scott wyatt
Dear Diary
by Anu Mahadev

Lunch boxes, water bottles, scarves, shoes.
None would show up after I’d “misplaced” them.

Isn’t it Murphy’s law that you find something
when you’re looking for something else?

There’s the attic, the old cupboard
with stacks of saris. My mother’s house.

I cut my finger, cleaning, rummaging through
the shelves for my old wedding invitations.

That’s when I find it. My forgotten diary.

It smells of warped wood and mothballs
and pine oil and used cinnamon spice.

Brown leather-bound, embossed with a
symbol I don’t recognize anymore,

its pages a deep ochre yellow, stained from
many a tearful night, writing my heart out.

I cringe as I open it, unsure of its secrets.
Most of the words are splotched, leaving

behind a blurry wall of illegible graffiti.
Covered in rhymes and sonnets — my early stint

as a poet, unwrapped. My views on life, as a
know-it-all teenager, and how everything seemed
like it was the end of the world.

It still hurts, the look in his latent summer eyes.

I’d played FLAMES randomly with his name and mine,
and doctored it so it would always end in Love.

I’d practiced my future signature with our initials together.

Those were the days I was drawn to him — a moth
to a citronella candle, and couldn’t read the invisible

ink between the lines. Why is it that this sepia-toned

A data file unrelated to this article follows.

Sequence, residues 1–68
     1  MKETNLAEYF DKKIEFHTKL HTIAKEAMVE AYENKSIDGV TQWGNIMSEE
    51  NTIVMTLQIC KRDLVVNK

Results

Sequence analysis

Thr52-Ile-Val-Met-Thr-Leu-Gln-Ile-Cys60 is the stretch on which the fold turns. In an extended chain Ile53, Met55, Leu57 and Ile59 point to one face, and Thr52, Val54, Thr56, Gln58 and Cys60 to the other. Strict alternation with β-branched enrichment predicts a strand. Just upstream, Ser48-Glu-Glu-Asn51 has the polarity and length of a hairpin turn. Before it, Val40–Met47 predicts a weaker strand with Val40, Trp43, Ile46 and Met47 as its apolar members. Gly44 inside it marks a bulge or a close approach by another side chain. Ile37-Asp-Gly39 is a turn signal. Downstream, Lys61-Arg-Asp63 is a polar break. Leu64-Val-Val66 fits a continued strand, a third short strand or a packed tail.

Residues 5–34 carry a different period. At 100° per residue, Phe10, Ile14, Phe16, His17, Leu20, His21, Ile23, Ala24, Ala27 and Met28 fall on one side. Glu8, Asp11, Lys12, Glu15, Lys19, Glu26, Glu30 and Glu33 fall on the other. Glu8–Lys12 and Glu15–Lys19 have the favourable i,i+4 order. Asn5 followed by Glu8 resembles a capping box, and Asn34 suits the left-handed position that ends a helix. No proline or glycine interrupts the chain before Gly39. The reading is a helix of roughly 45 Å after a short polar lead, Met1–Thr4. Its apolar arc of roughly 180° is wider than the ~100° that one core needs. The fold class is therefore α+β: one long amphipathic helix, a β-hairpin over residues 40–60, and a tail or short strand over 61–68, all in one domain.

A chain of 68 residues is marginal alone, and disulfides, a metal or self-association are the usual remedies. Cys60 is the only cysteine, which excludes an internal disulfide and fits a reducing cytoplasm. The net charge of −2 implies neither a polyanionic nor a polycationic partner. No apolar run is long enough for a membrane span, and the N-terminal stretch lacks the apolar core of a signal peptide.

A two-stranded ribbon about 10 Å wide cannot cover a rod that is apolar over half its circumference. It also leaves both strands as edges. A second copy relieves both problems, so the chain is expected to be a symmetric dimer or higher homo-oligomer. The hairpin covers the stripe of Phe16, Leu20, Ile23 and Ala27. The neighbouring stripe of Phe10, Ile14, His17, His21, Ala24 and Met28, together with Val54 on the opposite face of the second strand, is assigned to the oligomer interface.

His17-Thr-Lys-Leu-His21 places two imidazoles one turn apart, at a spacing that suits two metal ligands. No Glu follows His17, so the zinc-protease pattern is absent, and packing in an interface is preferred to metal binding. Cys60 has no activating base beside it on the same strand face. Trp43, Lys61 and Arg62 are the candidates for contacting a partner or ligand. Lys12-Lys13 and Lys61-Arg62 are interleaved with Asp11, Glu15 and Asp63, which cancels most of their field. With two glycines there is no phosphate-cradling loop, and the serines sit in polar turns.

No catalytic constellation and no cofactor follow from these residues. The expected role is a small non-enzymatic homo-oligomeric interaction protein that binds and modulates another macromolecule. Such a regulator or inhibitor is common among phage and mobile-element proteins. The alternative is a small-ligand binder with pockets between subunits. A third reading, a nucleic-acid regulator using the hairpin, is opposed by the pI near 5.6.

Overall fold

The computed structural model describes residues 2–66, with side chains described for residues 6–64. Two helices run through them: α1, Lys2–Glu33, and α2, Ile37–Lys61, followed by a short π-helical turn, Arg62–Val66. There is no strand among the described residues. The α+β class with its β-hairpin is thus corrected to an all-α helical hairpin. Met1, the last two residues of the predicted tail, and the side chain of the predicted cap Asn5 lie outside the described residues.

unrequited love — no more than a gigantic crush —

felt like I still had something to prove?
I could keep going, spelunking through the depths

of the darkness for more, but I am jolted back
to the present by a mosquito bite. The diary is no longer

a long-lost companion. It feels like a feudal lord, and I its slave.
I toss it into the trash. Some dreams shouldn’t be recycled.

IMAGE: “A Soldier’s Recollection” by Scott Wyatt. Prints available at

NOTE FROM THE AUTHOR: I grew up in India, and have lived in the U.S. for 21 years. But there is a part of me that perhaps never left home, and whenever I do go back to visit, I’m always looking at old photo albums, old books, anything that I can find to remind me of my childhood and growing up years. That first layer of hurt remains fresh no matter how many life experiences I’ve added in all the years since. So while I was glad to find this diary, and then wondered who else had read it, I was also shocked that it still existed. I wanted to believe that disposing of it would remove those years from my life, and I dismissed the events without a second thought. Yet here I am, writing a poem about it.

anu_mABOUT THE AUTHOR: Anu Mahadev is a New Jersey based poet and a recent graduate of the MFA in Poetry program at Drew University. She is part time editor for the Woman Inc. online and Jaggery Lit. online. Her poems have appeared in the  anthologies Colors of Refuge and Reinventing Myths, as well as in the journals The Olentangy Review and The Wild Word.